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February 8, 2016
Age-regulated function of autophagy in the mouse inner ear

de Iriarte Rodríguez R, Pulido S, Rodríguez-de la Rosa L, Magariños M, Varela-Nieto I. Hear Res. 2015 Dec;330(Pt A):39-50. doi: 10.1016/j.heares.2015.07.020. Epub 2015 Jul 31


Autophagy is a highly conserved catabolic process essential for embryonic development and adult homeostasis. The autophagic machinery supplies energy by recycling intracellular components and facilitates the removal of apoptotic cells. In the inner ear, autophagy has been reported to play roles during early development in the chicken embryo and in the response to otic injury in the adult mouse. However, there are no studies on the expression of the autophagy machinery in the postnatal and adult inner ear. Insulin-like growth factor 1 (IGF-1) is one of the factors that regulate both otic development and cochlear postnatal maturation and function. Here, we hypothesised that autophagy could be one of the processes involved in the cochlear development and functional maturation.

We report that autophagy-related genes (ATG) Becn1, Atg4g and Atg5 are expressed in the mouse cochlea, vestibular system and brainstem cochlear nuclei from late developmental stages to adulthood. Atg9 was studied in the mouse cochlea and showed a similar pattern. The presence of autophagic flux was confirmed by decreased sequestosome 1 (SQSTM1/p62) and increased relative levels of microtubule-associated protein light chain 3-II (LC3-II). Inner ear autophagy flux is developmentally regulated and is lower at perinatal stages than in the adult mouse, where an expression plateau is reached at the age of two-months, coinciding with the age at which full functional activity is reached. Expression is maintained in adult mice and declines after the age of twelve months. LC3B labelling showed that autophagy was primarily associated with spiral ganglion neurons. Over time, Igf1 wild type mice showed lower expression of genes coding for IGF-1 high affinity receptor and the family factor IGF-2 than null mice. Parallel analysis of autophagy machinery gene expression showed no significant differences between the genotypes over the lifespan of the null mice. Taken together, these results show that the autophagy machinery expression in the inner ear is regulated with age but is not compromised by the chronic absence of IGF-1. Our data also strongly support that the up-regulation of autophagy machinery genes is concomitant with the functional maturation of the inner ear.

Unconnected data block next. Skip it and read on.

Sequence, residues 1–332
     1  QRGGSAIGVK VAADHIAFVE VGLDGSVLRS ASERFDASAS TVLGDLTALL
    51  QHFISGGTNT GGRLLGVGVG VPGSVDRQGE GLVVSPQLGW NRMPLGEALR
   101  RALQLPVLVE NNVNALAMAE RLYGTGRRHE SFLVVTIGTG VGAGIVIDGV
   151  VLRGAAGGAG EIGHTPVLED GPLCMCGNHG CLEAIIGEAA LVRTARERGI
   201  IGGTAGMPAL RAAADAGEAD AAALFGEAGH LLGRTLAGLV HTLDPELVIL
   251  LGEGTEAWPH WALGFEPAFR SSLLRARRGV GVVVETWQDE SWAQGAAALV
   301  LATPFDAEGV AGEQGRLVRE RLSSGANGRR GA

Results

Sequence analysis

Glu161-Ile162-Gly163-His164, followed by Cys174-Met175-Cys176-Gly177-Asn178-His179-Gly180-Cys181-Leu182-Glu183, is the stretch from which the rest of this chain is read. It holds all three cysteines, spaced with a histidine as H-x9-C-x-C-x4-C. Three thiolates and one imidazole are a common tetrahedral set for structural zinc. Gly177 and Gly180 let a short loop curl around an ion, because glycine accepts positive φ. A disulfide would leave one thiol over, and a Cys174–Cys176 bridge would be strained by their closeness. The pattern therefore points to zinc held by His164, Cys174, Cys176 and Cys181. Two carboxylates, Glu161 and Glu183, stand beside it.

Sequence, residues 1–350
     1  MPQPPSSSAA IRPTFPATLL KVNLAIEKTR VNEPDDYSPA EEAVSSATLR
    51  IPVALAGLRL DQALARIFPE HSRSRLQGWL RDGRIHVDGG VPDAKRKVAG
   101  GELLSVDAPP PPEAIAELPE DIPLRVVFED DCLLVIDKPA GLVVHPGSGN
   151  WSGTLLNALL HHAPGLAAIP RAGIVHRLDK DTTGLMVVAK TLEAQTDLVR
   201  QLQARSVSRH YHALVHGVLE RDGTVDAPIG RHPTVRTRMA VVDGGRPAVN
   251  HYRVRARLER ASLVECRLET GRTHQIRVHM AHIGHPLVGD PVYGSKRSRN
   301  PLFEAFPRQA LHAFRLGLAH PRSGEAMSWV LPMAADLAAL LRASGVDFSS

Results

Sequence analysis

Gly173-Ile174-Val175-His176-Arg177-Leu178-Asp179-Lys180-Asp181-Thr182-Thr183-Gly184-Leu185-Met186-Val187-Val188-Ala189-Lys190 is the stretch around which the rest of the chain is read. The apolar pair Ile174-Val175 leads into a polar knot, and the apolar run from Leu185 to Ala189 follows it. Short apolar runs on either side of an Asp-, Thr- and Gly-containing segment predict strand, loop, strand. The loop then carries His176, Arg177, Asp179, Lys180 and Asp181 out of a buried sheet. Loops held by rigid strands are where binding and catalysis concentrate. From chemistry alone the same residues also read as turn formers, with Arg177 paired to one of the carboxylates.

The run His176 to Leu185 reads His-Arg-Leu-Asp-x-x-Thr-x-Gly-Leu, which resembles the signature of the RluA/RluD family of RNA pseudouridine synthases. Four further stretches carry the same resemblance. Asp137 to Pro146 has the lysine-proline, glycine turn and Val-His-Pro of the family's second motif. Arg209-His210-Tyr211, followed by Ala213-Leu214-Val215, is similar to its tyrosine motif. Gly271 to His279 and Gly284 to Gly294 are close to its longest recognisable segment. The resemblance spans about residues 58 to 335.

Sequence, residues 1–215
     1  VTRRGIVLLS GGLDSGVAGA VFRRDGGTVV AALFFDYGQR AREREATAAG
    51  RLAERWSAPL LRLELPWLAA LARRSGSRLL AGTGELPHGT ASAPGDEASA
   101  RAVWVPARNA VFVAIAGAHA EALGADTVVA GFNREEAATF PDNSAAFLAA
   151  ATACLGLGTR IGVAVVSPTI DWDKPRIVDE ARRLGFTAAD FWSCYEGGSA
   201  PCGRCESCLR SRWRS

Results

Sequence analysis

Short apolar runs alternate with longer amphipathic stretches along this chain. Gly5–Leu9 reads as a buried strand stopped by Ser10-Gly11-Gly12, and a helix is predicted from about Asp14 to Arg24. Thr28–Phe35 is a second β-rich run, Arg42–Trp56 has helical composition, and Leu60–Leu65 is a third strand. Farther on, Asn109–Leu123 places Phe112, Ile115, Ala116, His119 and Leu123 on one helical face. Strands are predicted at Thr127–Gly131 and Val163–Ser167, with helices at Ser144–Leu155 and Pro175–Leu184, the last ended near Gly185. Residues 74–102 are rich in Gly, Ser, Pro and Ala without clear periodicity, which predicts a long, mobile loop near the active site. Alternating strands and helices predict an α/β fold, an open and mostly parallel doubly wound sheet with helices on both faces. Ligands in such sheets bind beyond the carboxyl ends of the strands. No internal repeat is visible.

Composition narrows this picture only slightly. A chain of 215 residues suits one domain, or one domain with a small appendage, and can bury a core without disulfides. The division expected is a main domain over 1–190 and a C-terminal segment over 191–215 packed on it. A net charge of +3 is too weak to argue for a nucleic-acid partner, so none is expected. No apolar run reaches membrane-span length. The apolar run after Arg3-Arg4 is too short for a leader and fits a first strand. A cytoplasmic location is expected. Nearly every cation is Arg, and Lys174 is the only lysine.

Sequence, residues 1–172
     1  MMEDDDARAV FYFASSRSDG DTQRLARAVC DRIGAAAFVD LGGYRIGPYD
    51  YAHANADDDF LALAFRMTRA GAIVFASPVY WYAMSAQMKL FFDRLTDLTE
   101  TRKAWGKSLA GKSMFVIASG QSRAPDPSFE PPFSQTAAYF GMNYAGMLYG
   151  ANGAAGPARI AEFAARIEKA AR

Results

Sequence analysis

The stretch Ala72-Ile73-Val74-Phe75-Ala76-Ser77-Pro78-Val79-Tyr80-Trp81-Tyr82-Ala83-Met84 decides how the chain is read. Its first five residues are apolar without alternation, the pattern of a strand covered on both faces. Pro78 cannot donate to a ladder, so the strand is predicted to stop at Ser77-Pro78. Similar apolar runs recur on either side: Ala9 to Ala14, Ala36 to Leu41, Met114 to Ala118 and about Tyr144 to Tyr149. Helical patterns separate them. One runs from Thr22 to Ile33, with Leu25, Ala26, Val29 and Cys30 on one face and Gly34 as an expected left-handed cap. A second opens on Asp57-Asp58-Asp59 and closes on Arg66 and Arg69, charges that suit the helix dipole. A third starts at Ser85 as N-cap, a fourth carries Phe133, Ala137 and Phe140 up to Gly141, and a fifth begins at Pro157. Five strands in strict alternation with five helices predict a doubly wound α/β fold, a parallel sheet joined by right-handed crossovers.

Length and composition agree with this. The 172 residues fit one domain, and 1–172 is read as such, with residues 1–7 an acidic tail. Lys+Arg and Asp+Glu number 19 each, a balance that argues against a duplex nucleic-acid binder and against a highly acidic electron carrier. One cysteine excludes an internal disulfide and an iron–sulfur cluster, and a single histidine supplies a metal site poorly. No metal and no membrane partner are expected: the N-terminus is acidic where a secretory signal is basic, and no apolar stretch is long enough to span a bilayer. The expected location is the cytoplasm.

This article is part of a Special Issue entitled <IEB Kyoto>.